On the 1st of July 2021, the first deadline for the Healthy Homes Standards came into effect. If a tenancy was renewed or a new tenancy commenced, a landlord had 90 days from the commencement of the tenancy to ensure that the property was fully compliant with the Healthy Homes Standards. All is well and good, but when a country is locked down and your rental property is non-compliant with Healthy Homes, your 90-day deadline does not stop – which means that a landlord could end up breaching Healthy Homes Standards and there is absolutely nothing that can be done about it.
When it comes to assistance from the government in these days of lockdowns and pandemics, landlords never seem to get a look in. As a company, we are fully supportive of Healthy Homes. The poor quality of much of the rental stock in New Zealand has been highlighted by many in recent times. As more and more people rent for longer periods of time, healthy housing is essential for the well-being of our country.
However, as the first deadline came and passed, it became apparent that much of the housing stock that has been inspected for healthy homes compliance has fallen short of the standards required. This was highlighted by a nationwide company that carries out Healthy Homes inspections. Of the 14,000 inspections that it had carried out, only approximately, a quarter of these inspections passed current Healthy Homes standards. This will not come as a surprise for many.
However, what has been an issue is that the Government also admitted that they were having significant issues with their heating calculator. Many new builds were failing Healthy Homes inspections due to the open plan nature of many of the properties. The concern that the Govern-ment has is that the heating calculator is inaccurately overstating the heating requirements for the living space, meaning that many landlords are being forced to unnecessarily spending money on extra heating that is likely not to be required.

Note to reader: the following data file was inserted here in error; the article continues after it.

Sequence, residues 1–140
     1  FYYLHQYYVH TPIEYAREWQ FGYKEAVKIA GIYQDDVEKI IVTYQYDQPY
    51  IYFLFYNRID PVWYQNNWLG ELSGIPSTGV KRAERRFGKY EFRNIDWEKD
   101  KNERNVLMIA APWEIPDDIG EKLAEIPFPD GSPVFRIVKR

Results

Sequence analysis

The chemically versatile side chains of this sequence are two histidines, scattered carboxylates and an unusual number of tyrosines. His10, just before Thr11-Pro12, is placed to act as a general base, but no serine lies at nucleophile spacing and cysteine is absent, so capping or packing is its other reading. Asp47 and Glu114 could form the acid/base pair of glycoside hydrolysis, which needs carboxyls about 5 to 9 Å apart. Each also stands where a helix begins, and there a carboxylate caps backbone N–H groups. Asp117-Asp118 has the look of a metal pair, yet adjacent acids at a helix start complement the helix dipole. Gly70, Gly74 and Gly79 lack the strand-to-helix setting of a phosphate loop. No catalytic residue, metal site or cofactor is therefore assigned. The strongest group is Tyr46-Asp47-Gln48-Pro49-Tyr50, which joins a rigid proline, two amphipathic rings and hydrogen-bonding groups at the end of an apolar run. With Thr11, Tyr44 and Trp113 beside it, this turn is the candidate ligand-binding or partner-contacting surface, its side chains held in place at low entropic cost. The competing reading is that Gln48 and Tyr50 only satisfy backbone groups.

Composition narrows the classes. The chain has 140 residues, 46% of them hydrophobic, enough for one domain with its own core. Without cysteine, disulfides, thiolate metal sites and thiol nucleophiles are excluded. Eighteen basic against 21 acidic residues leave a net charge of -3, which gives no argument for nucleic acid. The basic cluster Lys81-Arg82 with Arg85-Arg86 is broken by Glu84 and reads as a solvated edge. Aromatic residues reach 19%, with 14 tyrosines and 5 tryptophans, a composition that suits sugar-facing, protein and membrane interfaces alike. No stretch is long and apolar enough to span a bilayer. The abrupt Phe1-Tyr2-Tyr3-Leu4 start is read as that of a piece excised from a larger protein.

The roll out of Healthy Homes has therefore been seriously compromised by a heating calculator that is apparently not fit for purpose and a lockdown that is leading to delay times in getting properties compliant.
ACT deputy leader and housing spokesperson, Brooke van Velden, has picked up on the issue regarding Healthy Homes compliance. She recently stated that common sense and compassion must be used with regard to rental regulations. A level 4 lockdown means that tradespeople have been unable to carry out work that was required for the Healthy Homes Standards and there will now be massive backlogs. This may not be a major issue in Wellington where we had only to endure a three-week lockdown. Auckland, however, will have major issues.
Van Velden went on to say that ‘The Government said that all private rentals must comply within 90 days of any new or renewed tenancy after 1 July 2021. This simply won’t be possible for some landlords now and it’s through no fault of their own.’ Some will argue that landlords have had plenty of time to
get their properties compliant and there should be no change to the deadlines. There is no doubt that landlords have had time, but dates are set so landlords can manage their time and resources. If unforeseen circumstances has meant landlords are not being able to meet deadlines, it is unfair to penalise them as there has been no intent to not comply.
Likewise, when you have a Government that is fully aware of issues with regards to their heating calculator, you may argue that from a legal point of view that it would be impossible to write an order against a land-lord when the compliance of a property is impossible to assess.
Then, to add to this, the Covid-related delays in obtain-ing stock such as heat pumps. Goods cannot be moved out of Auckland and in combination with a general shortage of supplies, this further compounds the ability to achieve compliance deadlines.
Brooke ven Velden has a strong case. It makes sense to extend the 90-day deadline until April 2022. As warmer months arrive, cold and dampness will be less of a concern. The extension will give enough breathing space for landlords to get their properties compliant without putting unnecessary and unrealistic demands on them.
We all want and require a warm and dry housing stock, we just want a bit of commonsense to prevail.
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